This past Sunday night, The 1975 played their first show at TD Garden in Boston. The stadium was packed to the brim, being the first show on this tour to sell out. The show represented round two of their incredibly successful “The 1975 at their very best” tour.
Being someone whose favorite band is The 1975 and who has seen them start out in small venues in Connecticut, through Boston Calling, through Terminal 5 in New York, to now TD Garden, it has been truly astonishing to witness their incredible rise to fame. Their music has also evolved substantially through the years, with each album showing off the many genres and instruments they can include successfully. It also goes to show that the fans will evolve with the band.
The setlist begins of course with the first song of the newest album and proceeds through some of the newer hits from ‘Being Funny in a Foreign Language.’ The energy through the stadium was pulsing, even from the stands above the floor section. Everywhere you looked, there were people of all ages belting out the lyrics to each and every song.
It goes without saying that the physical set on the “at their very best” and “still at their very best” tours is one of the most unusual sets I have ever seen. The stage is set up to look like the inside of a home, complete with doorways, various seating arrangements, prop furniture complete with lamps, and even a spiral staircase. The emphasis on the set is complete with sound effects to effectuate turning on an old lamp that buzzes, the sounds of opening and closing doors, and the flickering of lamps in sync with each other.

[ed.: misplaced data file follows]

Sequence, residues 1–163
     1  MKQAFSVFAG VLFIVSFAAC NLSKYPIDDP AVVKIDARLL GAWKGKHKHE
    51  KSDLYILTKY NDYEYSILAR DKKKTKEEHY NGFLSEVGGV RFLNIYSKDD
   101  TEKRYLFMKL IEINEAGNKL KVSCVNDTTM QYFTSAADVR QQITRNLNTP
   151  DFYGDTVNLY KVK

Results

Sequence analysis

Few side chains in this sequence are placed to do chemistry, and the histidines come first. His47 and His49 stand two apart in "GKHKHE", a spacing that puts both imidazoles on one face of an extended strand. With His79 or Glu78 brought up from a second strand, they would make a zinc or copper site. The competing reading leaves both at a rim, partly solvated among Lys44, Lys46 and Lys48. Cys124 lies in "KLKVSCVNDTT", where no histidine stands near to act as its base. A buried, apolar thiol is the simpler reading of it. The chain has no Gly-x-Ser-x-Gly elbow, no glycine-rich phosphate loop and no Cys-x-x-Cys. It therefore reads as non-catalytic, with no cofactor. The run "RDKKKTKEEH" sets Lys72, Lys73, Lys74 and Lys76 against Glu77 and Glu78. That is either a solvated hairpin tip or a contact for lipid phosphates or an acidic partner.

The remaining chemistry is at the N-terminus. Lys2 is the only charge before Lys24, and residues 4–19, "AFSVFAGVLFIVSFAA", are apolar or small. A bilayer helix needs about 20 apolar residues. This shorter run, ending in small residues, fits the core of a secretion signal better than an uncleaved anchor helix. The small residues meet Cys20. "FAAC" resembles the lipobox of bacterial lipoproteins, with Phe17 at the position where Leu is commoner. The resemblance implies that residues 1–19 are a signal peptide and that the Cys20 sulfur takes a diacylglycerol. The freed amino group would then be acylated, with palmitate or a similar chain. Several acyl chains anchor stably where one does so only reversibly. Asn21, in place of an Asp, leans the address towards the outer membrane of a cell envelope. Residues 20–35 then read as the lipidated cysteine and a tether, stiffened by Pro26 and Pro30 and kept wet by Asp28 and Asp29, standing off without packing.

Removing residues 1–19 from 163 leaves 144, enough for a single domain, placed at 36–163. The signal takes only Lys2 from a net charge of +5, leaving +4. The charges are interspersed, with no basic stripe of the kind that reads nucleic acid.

The best part about this set, in my opinion, is the return to some of the original staples of the band. Not only did they add a neon light of “still at their very best” that changes color in sync with the set of each song, but the doorways and any additional rectangles found on the stage are complete with neon strips to highlight the classic The 1975 rectangle.
At each location, the band has been making adjustments to the set to play some of the older classics off their original self-titled album. This show included “You” and “Heart Out” in the portion of the set that has been subject to changes. In addition, lead singer Matty Healy brought out his father, Tim Healy, for a song all to himself.
The use of a second stage at certain points of the show has been a new addition to this tour. The finishing moments of the set, where Matty Healy, bassist Ross McDonald, and guitarist Adam Hann all rock out to “People,” are given the added dynamic of bringing the remaining band members front and center on the main stage.
I will say we got to see less of the classic Matty Healy dance moments at this show than I was anticipating. I would imagine the band is getting quite tired, and given their announcement that they will be taking a hiatus from music for some time after this tour wraps up, it is playing a role in that possible exhaustion.
Overall, this concert was everything you want to see in a concert: moments that make you laugh, moments that bring tears to your eyes, and moments of pure bliss. The 1975 truly were “still at their very best.”